Count Sinan smiled. "To put it simply, it wouldn't do them any good. If the Eldest Princess had married Lin Ruofu, he would have become a member of the nobility, and he would have no way to fulfill his aspirations. He would never have the power he has over the bureaucracy today if he had."
Fa

n Xian frowned. He remembered that the son-in-law of the emperor would not be allowed to be both a bureaucrat and a member of the royal family; they could only take a noble title and nothing more.
"If you were to marry Miss Lin, even though her title of "princess" is simply honorary and you would not be considered part of the royal family, there might be issues with your career as an official." Count Sinan saw Fan Xian's frown and thought that he was worried, so he thought it was best to explain this.
Fan Xian stood up and smiled. "We'll see."
"Also, to take next year's imperial exams, you'll have to start studying soon."
Did he really still have to take the imperial exams, competing with all the others? He smiled bitterly and said nothing.
After that, Count Sinan told him that the monthly poetry competition at Crown Prince Jing’s estate was coming up soon, and that he had best prepare for it. When Fan Xian heard this, he wasn't filled with the same fear as being told to write an essay, but when he considered that he might have to fake some more poems like he'd done with the old salt-seller, his head began to ache.
Count Sinan looked at him and smiled. "I know you are a talented poet. In some situations, it is not right to hide your talent too much. Though there are people in the palace assisting your marriage, if you are able to garner a reputation in the capital's literary scene, perhaps the Eldest Princess will warm up to the idea of marrying her daughter off to you."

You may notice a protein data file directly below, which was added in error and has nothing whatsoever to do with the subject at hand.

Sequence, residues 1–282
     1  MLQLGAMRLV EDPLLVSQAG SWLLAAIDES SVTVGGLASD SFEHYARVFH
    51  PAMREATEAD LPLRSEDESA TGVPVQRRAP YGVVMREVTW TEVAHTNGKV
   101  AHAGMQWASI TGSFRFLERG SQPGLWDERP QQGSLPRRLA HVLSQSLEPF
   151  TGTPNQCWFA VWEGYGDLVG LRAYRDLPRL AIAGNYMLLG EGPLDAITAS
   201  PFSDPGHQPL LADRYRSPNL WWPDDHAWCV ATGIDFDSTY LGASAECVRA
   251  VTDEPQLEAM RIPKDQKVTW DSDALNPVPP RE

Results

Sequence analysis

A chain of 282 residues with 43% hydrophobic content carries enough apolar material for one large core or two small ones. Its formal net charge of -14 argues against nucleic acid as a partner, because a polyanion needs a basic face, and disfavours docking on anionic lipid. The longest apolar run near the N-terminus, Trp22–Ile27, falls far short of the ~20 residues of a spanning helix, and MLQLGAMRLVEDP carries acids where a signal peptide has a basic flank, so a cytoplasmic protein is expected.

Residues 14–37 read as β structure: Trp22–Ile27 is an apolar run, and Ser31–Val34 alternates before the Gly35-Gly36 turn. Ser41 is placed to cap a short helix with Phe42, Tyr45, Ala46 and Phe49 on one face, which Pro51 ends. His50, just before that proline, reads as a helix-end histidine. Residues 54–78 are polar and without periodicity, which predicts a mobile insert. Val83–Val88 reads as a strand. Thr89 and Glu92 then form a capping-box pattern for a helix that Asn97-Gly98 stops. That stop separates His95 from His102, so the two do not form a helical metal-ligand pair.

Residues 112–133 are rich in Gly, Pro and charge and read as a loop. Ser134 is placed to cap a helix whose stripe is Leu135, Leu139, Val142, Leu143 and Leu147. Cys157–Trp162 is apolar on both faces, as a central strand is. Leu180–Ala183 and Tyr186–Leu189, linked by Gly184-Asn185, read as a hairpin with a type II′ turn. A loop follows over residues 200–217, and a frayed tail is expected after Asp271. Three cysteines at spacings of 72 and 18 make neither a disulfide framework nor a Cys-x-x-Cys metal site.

Fan Xian laughed bitterly in response. It seemed the old man had secretly read the letters he had sent his little sister. The fact that he had written Dream of the Red Chamber was also something he couldn't hide from him. He couldn't help but feel some admiration for the old man's shrewd nature in keeping it secret until now.

There were no Sundays in the realm; even if you worked, you would not be punished by the gods. For the same reason, there were no Mondays, Tuesday, Wednesdays, Thursdays or Fridays. In short, there was no clear division between working days and rest days.
Shops were open every day; government ministries were open every day; and it was said that even the Emperor refused to take a day off. But when it came to many sons of the great houses of the capital, every day was a day of leisure.
Sixteen years after the great war, the Kingdom of Northern Wei had been divided and weakened beyond repair. The western barbarians fled far away, their horses eating grass in the mountains. The Emperor had ordered the prince to take a hundred thousand soldiers westward to expand the border; this was also little more than sport.
The Kingdom of Qing was strong in military affairs, but after the Emperor had won his battles, they became fonder of reciting poetry. As it was fashionable among the upper classes, it became even more fashionable among the lower classes. Other sons of noble families had no jobs for the most part. Neither did they have the qualifications to lead troops. They prepared for the imperial examinations, and so they amused themselves in an elegant manner, keeping themselves separate from the lower classes. They read books and discussed them, and read and wrote poetry.
And so the capital was a place where it was fashionable to duel with poetry rather than with weapons.